One of the best options for accommodation – which we recommend – is the Baan Khao Lak
Khao Lak is on the main road from Phuket to Bangkok and is easily reached by cars, buses and taxis. Phuket International airport is only 1 hour south and has dozens of arrivals per day. Our nearby harbor is safe haven for those arriving by private boat.
There are three classes – 1st, 2nd and…you guessed it….3rd class. The first class is nice, but it is certainly not the Oriental express! You can arrange your own cabin with two beds, sink and plenty of room. 2nd class is bunk style berths, which is quite nice as much of the travel is at night. 3rd class is on sturdy wooden benches.
We wish there were direct trains to Khao Lak, but unfortunately they don’t 🙁 The nearest train stop is Surat Thani, a few hours East of us. From there you can find many connecting buses and taxi service can be arranged. Expect 200 Baht for bus or 3000 for taxi. The total journey should take approximately 12-14. So if you have the time, go for it!!
This is the most expensive option. We have really strong feelings about this. There have been many incidents of local taxi drivers exploiting tourists so we strongly encourage you to make reservations with Khao Lak Taxi or ask us to book one to meet you in advance. If you choose not to, then expect to pay between 1700 and 3000 Baht. The ride is only 1 hour (if they know where they are going) and it’s a straight shot from the airport to here. Should you choose to get your own taxi – also mke sure that they speak fluent enough English to understand terms like “slow down” or “Bathroom please”.
If you have more than 2 people or children – it is neccesary to book a minibus ahead of time. The above taxi service has children’s eat available 🙂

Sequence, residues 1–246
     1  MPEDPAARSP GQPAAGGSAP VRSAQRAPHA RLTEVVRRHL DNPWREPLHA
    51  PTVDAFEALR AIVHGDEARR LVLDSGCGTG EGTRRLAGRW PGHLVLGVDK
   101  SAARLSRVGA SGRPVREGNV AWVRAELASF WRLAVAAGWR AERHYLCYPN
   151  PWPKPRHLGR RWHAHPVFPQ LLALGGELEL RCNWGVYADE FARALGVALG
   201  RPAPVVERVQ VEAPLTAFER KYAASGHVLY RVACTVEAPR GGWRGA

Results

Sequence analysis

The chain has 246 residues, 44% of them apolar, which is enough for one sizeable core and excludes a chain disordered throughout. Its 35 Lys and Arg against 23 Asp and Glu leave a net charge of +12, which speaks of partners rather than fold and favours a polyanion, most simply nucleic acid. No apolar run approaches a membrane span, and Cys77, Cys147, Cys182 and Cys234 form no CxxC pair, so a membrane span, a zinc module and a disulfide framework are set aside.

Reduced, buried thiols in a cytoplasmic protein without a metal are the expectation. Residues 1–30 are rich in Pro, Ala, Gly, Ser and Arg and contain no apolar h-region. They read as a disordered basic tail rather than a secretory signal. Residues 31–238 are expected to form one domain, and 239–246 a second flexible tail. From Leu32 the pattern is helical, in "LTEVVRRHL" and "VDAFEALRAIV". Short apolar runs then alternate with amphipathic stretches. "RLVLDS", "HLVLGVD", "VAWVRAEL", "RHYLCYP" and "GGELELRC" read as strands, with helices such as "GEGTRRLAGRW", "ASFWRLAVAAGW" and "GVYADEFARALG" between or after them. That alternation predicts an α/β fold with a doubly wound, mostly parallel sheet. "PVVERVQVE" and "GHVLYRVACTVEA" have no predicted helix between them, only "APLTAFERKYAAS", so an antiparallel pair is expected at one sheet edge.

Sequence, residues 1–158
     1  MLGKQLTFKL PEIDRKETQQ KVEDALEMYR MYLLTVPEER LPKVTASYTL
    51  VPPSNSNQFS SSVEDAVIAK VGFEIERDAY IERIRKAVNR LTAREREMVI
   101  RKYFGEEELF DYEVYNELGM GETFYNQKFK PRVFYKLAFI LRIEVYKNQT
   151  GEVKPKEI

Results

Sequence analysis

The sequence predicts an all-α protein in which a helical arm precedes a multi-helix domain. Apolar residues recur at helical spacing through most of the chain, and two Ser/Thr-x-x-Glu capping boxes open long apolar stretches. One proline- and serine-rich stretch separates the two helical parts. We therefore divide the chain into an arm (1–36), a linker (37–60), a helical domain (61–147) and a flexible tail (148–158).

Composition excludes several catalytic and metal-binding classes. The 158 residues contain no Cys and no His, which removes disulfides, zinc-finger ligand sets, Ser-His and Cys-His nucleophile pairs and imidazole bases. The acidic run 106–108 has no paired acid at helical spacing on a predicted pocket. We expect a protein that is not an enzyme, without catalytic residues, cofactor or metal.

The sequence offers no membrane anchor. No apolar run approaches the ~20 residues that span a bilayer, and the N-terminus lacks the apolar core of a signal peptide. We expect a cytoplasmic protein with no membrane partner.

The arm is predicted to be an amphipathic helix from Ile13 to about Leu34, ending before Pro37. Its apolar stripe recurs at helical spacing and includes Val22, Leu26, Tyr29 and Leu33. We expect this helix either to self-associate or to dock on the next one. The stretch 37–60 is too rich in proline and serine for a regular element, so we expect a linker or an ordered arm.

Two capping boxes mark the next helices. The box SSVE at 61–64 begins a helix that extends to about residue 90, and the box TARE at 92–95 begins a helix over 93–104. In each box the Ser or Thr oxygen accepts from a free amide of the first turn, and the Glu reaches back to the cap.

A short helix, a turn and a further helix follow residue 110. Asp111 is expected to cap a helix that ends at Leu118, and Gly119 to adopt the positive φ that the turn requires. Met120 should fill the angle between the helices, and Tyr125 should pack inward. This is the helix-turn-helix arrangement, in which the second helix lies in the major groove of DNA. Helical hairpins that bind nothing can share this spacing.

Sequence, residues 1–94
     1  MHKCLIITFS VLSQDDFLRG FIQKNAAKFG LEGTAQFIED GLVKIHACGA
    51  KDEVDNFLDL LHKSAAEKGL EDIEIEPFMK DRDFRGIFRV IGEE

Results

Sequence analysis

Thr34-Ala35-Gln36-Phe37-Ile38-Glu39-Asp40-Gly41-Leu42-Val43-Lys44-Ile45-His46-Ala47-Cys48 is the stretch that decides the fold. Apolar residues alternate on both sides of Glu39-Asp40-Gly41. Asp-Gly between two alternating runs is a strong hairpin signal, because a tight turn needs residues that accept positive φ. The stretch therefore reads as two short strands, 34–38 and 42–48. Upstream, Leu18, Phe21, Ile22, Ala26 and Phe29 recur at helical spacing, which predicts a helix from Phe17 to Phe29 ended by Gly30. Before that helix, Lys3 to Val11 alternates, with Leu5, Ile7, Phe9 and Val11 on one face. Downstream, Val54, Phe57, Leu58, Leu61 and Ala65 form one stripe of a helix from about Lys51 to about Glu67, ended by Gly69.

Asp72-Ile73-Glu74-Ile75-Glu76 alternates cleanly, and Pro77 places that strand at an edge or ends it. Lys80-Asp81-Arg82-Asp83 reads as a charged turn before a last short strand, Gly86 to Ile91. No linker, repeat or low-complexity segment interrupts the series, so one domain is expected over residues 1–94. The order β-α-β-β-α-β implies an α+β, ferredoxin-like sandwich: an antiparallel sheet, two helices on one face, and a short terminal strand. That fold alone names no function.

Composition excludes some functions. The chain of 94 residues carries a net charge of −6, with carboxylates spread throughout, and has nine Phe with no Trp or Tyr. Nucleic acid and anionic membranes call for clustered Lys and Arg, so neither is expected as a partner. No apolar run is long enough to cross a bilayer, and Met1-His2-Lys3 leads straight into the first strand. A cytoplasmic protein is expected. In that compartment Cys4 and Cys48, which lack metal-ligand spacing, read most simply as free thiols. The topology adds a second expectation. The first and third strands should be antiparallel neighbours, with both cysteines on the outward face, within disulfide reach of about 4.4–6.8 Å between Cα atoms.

Wicked Tip – make sure the seat belt works! Most taxis actually remove them 🙁
While there are not so many incidents of exploitive taxi drivers from other locations to Khao Lak – they can be rather pricey if you do not know the actual prices :(. Please contact us for more information on prices from your location – or simply contact the above to book a dirver and car (or minibus) of your own.
If you come from either Phuket or Bangkok, just let the driver know that you wish to get off in Khao Lak at the Supermarket. That is the center of town. If you are arriving from other parts of Thailand, you should be able to ask for Khao Lak (Pronounced “Cow Lack”). If it seems like you are getting a run around, ask for Takuapa (Pronounced Tock-oo-ah-pa) which is a main transit hub 30 km north of us. Frequent buses depart from there to town.
These are called by many names – VIP, 1st Class, Luxury, Super VIP and many others besides. Generally Tourists buses are quite comfortable and will head on a pretty direct route to wherever you are heading. The routes are pretty clear, and you will usually depart from a main tourist area (Koh San Road) and arrive at a similar area. This saves you some steps, but you will not see the real Thailand and you will usually be dealing with “Travel Agents” who are trying o get you to book something (diving, hotels, mini-golf) with them at much higher prices than you would actually pay. You will also be away from competition that could offer you something better. Your trip will cost you as much as 3 times as much as you would pay for a government bus, for the same or lower quality